shall not exceed a distance of 500 metres around them, measured from each
point of their outer edge, except as authorized by generally accepted
international standards or as recommended by the competent international
organization. Due notice shall be given of the extent of safety zones.
6. All ships must respect these safety zones and shall comply with
generally accepted international standards regarding navigation in the
vicinity of artificial islands, installations, structures and safety zones.
7. Artificial islands, installations and structures and the safety zones
around them may not be established where interference may be caused to the
use of recognized sea lanes essential to international navigation.
8. Artificial islands, installations and structures do not possess the
status of islands. They have no territorial sea of their own, and their
presence does not affect the delimitation of the territorial sea, the
exclusive economic zone or the Continental Shelf .
References and Further Reading
Attard D.J. 1986. The Exclusive Economic Zone in International Law. Oxford University Press, Oxford. ISBN: 0198256825
Kwiatowska B. 1989. The 200 Mile Exclusive Economic Zone in the New Law of the Sea. Springer, Dordrecht. ISBN: 0792300742
About the Author/s and Reviewer/s
Mentioned in these Entries
Archipelagic States, Bamako Convention on the Ban of the Import into Africa 2, Buenos Aires Draft Convention on the Protection of the Underwater Cultural Heritage, Constitutional Text: Brazil Constitution of 1988, Continental Shelf, Convention on the Protection of the Black Sea Against Pollution, Exclusive Economic Zone 2, Exclusive Economic Zone 3, Exclusive Economic Zone 4, High Seas 3, High Seas, International Law Encyclopedia 3, List of International Law Selected Cases, by Subject, MPEPIL: International economic law and relations, MPEPIL: Law of the sea, MPEPIL: Public Law: E, MPEPIL: Territory, Marine Scientific Research 2, Marine Scientific Research 3, Marine Scientific Research, Marine and Coastal conventions, Niue Treaty on Cooperation in Fisheries Surveillance and Law Enforcement in the South Pacific Region, Other provisions, Protection & Preservation of the Marine Environment 2, Protection & Preservation of the Marine Environment 4, Protection & Preservation of the Marine Environment 5, Protection & Preservation of the Marine Environment 6, Public International Law Classification (Max Planck Institute), Regime of Islands Enclosed or Semi-Enclosed Seas, Settlement of Disputes 3, Straits used for International Navigation, Territorial Sea and Contiguous Zone, United Nations Convention on the Law of the Sea 19, United Nations Convention on the Law of the Sea 2, United Nations Convention on the Law of the Sea 20, United Nations Convention on the Law of the Sea 21, United Nations Convention on the Law of the Sea 22, United Nations Convention on the Law of the Sea 23, United Nations Convention on the Law of the Sea 24, United Nations Convention on the Law of the Sea 25, United Nations Convention on the Law of the Sea 26, United Nations Convention on the Law of the Sea 29, United Nations Convention on the Law of the Sea 3, United Nations Convention on the Law of the Sea 32, United Nations Convention on the Law of the Sea 33, United Nations Convention on the Law of the Sea 34, United Nations Convention on the Law of the Sea 35, United Nations Convention on the Law of the Sea 36, United Nations Convention on the Law of the Sea 4, United Nations Convention on the Law of the Sea 6, United Nations Convention on the Law of the Sea.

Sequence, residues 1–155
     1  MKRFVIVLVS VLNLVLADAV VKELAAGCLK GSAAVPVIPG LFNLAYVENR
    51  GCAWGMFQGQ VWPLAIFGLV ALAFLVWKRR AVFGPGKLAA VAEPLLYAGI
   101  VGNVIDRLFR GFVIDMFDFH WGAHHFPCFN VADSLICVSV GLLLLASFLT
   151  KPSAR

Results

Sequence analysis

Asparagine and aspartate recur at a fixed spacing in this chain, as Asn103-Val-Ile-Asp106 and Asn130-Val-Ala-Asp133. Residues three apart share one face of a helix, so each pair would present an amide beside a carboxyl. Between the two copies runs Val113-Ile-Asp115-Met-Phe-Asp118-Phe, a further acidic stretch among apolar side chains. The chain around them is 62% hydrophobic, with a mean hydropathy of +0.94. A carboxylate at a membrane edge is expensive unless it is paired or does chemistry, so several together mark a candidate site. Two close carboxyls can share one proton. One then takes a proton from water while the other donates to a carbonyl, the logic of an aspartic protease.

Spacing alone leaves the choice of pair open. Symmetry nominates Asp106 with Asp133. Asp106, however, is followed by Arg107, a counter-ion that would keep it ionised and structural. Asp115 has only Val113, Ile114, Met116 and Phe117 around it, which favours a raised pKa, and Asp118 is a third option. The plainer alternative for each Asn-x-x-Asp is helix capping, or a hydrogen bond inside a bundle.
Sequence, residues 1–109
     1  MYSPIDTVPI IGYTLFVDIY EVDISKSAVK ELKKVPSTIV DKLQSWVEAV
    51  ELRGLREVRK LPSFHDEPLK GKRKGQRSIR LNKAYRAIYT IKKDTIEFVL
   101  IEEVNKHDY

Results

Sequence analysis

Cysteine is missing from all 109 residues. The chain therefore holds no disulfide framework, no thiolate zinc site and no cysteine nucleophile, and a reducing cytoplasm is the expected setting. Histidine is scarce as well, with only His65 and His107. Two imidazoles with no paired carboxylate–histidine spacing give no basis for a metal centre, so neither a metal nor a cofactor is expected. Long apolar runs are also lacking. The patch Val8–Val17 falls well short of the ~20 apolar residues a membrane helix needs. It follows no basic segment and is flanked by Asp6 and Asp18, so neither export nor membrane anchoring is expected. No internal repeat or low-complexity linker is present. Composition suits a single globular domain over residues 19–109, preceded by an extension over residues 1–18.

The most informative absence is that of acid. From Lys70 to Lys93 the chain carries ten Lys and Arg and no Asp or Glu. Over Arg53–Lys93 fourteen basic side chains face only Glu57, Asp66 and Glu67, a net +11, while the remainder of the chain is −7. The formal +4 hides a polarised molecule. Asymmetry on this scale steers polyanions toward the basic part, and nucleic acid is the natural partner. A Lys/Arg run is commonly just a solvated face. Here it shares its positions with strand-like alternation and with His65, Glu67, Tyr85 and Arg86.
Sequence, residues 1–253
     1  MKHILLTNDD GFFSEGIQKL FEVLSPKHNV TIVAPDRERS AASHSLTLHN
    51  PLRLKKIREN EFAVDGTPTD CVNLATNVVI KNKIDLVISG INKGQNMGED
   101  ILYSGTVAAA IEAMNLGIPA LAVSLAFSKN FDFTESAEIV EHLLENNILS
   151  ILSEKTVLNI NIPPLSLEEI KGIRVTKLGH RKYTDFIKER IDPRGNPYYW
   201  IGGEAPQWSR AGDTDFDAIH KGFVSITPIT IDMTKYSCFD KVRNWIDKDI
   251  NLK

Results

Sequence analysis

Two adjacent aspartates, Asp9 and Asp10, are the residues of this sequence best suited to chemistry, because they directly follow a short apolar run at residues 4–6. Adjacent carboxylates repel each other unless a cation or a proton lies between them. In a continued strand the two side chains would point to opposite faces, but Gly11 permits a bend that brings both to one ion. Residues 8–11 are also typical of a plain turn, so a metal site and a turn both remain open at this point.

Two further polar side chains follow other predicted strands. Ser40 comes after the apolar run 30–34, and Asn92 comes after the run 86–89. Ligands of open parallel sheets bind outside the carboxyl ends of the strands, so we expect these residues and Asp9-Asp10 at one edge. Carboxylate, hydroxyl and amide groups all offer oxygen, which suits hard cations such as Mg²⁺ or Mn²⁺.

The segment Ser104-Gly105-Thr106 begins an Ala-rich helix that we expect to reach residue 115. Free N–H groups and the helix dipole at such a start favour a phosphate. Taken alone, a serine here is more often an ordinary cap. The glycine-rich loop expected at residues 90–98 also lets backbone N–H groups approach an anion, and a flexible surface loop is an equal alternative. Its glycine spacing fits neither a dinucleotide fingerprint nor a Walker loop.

Exclusive Economic Zone
Embracing mainstream international law, this section on exclusive economic zone explores the context, history and effect of the area of the law covered here.
Exclusive Economic Zone
- Information related to exclusive economic zone in the Max Planck Encyclopedia of International Law(MPEPIL), Germany, United Kingdom
- The entry “exclusive economic zone” in the Parry and Grant Encyclopaedic Dictionary of International Law (currently, the Encyclopaedic Dictionary of International Law, 2009), Oxford University Press
Hierarchical Display of Exclusive economic zone
Law > International law > Public international law > Law of the sea
Environment > Environmental policy > Environmental policy > Management of resources > Exploitation of resources > Exploitation of the seas
Agriculture, Forestry And Fisheries > Fisheries > Fisheries policy > Fishing area
Exclusive economic zone
Concept of Exclusive economic zone
Characteristics of Exclusive economic zone
Translation of Exclusive economic zone
- Spanish: Zona económica exclusiva
- French: Zone économique exclusive
- German: Ausschließliche Wirtschaftszone
- Italian: Zona economica esclusiva
- Portuguese: Zona económica exclusiva
- Polish: Wyłączna strefa ekonomiczna
Thesaurus of Exclusive economic zone
Law > International law > Public international law > Law of the sea > Exclusive economic zone
Environment > Environmental policy > Environmental policy > Management of resources > Exploitation of resources > Exploitation of the seas > Exclusive economic zone
Agriculture, Forestry And Fisheries > Fisheries > Fisheries policy > Fishing area > Exclusive economic zone
- Exclusive national zone
- Two-hundred-mile zone